Trova il tuo prossimo libro preferito

Abbonati oggi e leggi gratis per 30 giorni
Sad by Design: On Platform Nihilism

Sad by Design: On Platform Nihilism

Leggi anteprima

Sad by Design: On Platform Nihilism

268 pagine
5 ore
May 20, 2019


Sadness is now a design problem. The highs and lows of melancholy are coded into social media platforms. After all the clicking, browsing, swiping and liking, all we are left with is the flat and empty aftermath of time lost to the app.

Sad by Design offers a critical analysis of the growing social media controversies such as fake news, toxic viral memes and online addiction. The failed search for a grand design has resulted in depoliticised internet studies unable to generate either radical critique or a search for alternatives.

Geert Lovink calls for us to embrace the engineered intimacy of social media, messenger apps and selfies, because boredom is the first stage of overcoming 'platform nihilism'. Then, after the haze, we can organise to disrupt the data extraction industries at their core.
May 20, 2019

Informazioni sull'autore

Geert Lovink is a media theorist, internet critic and author of Zero Comments (Routledge, 2007), Networks Without a Cause (Polity, 2012), Social Media Abyss (Polity, 2016) and Sad By Design (Pluto, 2019). He founded the Institute of Network Cultures at the Amsterdam University of Applied Sciences and teaches at the European Graduate School.

Correlato a Sad by Design

Libri correlati
Articoli correlati

Anteprima del libro

Sad by Design - Geert Lovink


Introduction: Society of the Social

There are 87,146 thought leaders on LinkedIn.Real painters do not paint things as they are…They paint them as they themselves feel them to be. Vincent van Gogh on fake art—Unload that Truck of Dislikes! (alt-left slogan)—Web: We noticed you’re using an Ad blocker. Me: I noticed you’re using 32 tracking services. Matt Weagle—New Security Comes With New Vulnerability. Lulzsec—Truth is for suckers, Johnny Boy. Being John Malkovich—Our focus is the cosmo-technics challenge that brings us in direct contact with our slaves (tribute to Yuk Hui)—I always knew I was a good writer but I thought I’d do poetry or fiction, not the emails I ended up doing. OH—Das Handy und die Zuhandenheit des Virtuellen (German essay)—One of my favorite self-harm techniques is googling airfares to Bali. Addie Wagenknecht—It’s not size, it’s scale that counts. Barnett Newman—Warning: People might not like you after this.Smart is the new smoking. Johanna Sjerpstra—Please like our DNS poisoning attack hereI HAVE THE HOUSE TO MYSELF TONIGHT! *stares at phone*The Internet is like the Wild West. We thought we were the cowboys, but it turns out we’re the buffalos. AnthroPunk.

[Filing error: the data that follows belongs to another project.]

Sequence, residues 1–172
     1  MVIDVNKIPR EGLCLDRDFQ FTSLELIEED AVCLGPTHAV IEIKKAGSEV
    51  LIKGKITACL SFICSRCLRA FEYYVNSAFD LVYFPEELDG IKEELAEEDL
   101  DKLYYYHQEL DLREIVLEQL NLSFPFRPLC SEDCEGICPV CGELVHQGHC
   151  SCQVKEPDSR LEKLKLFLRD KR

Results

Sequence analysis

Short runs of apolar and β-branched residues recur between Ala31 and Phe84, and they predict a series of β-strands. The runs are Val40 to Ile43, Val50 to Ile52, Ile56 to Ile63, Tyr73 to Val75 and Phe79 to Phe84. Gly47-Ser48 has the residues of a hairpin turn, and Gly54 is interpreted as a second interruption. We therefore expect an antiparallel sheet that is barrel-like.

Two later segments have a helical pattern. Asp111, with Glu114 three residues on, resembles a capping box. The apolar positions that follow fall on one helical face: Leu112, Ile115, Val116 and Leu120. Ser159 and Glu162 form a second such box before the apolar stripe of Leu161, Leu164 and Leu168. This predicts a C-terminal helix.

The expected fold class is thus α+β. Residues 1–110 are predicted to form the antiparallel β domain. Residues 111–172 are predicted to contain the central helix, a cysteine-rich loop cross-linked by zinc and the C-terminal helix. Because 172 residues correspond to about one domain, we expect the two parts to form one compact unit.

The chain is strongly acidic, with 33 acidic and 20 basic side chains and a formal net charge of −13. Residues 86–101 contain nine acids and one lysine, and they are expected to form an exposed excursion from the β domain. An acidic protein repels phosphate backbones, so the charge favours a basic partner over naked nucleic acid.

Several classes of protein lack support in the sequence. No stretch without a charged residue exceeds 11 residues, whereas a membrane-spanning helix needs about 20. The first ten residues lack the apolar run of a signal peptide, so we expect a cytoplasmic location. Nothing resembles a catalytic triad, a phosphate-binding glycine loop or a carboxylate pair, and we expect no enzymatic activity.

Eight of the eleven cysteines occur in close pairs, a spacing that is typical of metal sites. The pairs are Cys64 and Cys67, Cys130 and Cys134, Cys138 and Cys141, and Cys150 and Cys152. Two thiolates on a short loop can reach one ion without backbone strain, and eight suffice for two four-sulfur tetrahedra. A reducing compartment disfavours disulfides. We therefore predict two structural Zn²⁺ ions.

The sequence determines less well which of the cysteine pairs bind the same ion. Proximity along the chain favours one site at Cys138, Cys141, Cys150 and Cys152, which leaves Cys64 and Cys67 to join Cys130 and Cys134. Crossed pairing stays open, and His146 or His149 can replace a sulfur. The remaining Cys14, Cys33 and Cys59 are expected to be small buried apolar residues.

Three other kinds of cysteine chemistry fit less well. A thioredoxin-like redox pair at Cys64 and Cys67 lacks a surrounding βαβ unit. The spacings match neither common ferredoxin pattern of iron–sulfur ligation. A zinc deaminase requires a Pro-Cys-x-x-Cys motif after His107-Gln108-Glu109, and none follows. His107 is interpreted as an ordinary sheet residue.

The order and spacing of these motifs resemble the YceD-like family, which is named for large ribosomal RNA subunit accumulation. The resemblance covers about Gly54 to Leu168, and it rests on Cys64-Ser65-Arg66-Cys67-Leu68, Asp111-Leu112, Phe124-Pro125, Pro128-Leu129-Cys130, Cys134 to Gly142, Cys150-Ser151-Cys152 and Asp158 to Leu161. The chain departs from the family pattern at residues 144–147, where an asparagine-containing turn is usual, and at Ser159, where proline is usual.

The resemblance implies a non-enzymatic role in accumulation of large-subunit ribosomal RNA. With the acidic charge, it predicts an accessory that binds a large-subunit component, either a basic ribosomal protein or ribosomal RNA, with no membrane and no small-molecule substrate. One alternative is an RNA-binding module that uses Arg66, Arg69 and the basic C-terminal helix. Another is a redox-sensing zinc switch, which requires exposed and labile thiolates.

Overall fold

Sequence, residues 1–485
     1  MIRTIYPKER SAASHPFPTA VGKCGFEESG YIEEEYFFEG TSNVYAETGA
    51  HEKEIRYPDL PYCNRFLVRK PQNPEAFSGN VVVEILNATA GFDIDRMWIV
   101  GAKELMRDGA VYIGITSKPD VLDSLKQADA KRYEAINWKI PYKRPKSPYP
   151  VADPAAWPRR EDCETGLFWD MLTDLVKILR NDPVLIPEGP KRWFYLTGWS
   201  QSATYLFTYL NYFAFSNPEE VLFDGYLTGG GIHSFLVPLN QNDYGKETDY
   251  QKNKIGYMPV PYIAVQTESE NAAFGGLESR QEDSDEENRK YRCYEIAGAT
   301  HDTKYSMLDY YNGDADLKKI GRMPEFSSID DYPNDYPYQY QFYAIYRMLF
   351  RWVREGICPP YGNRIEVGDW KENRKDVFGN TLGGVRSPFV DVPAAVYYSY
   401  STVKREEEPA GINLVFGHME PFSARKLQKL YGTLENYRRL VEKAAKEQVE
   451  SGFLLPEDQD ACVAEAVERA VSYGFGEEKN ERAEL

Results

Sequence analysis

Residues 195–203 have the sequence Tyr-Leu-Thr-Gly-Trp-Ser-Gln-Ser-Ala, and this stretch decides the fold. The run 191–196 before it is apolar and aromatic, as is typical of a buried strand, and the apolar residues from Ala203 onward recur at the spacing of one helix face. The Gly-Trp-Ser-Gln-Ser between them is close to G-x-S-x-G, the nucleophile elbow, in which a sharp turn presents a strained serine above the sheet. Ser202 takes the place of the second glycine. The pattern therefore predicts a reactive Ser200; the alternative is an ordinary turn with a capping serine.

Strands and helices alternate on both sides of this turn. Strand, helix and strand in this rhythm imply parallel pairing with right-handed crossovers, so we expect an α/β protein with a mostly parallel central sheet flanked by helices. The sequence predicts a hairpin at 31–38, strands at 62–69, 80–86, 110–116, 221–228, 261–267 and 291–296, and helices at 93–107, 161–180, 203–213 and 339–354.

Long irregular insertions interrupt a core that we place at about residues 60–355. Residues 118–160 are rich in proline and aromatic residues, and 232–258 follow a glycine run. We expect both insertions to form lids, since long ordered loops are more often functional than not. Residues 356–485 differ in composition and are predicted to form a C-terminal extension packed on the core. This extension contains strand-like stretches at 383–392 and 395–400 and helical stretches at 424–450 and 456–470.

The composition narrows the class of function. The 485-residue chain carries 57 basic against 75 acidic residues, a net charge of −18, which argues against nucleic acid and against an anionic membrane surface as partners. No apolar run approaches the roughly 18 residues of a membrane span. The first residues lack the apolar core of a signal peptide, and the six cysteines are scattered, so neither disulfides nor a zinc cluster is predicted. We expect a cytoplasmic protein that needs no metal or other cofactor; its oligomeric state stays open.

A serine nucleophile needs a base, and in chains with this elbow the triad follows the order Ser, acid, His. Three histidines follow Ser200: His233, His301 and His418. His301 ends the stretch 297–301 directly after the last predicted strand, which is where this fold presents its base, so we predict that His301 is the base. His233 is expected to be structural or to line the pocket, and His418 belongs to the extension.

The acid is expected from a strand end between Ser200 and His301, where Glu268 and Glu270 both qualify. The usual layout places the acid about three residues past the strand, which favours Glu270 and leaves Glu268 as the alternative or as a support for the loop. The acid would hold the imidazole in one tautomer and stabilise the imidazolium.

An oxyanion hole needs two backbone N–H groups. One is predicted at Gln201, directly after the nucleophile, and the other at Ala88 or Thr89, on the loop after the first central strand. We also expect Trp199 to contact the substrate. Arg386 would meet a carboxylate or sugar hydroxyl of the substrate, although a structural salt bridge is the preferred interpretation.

Welcome to the New Normal. Social media is reformatting our interior lives. As platform and individual become inseparable, social networking becomes identical with the social itself. No longer curious about what the next web will bring, we chat about the information we’re allowed to graze on during meager days. Forward-looking confidence has been shattered—the seasonality of hype reduced to a flatline future. Instead, a new realism has set in, as Evgeny Morozov tweeted: 1990s tech utopianism posited that networks weaken or replace hierarchies. In reality, networks amplify hierarchies and make them less visible.1 How can one write a proper phenomenology of asynchronous connections and their cultural effects, formulate a ruthless critique of everything hardwired into the social body of the network, while not looking at what’s going on inside? Rather than a stance of superiority, a judgment from on high, could we take an amoral approach toward today’s intense social media usage, delving into the shallow time of lost souls like us? Let’s embark on a journey into this third space called the techno-social.

Our beloved internet may be portrayed as an inverse hydra with a hundred assholes2 but we love it anyway: it’s our brain-junk. While social media controversies have hit mainstream media, the fallout has been zero. We barely register the online frenzy that surrounds us; we can’t even pretend to care about the cynical advertisement logic.3 Social media scandals appear to us, as Franz Kafka once wrote, like a path in autumn: no sooner is it cleared than it is once again littered with leaves. From behavioral manipulation to fake news, all we read about is the bankrupt credibility of Silicon Valley.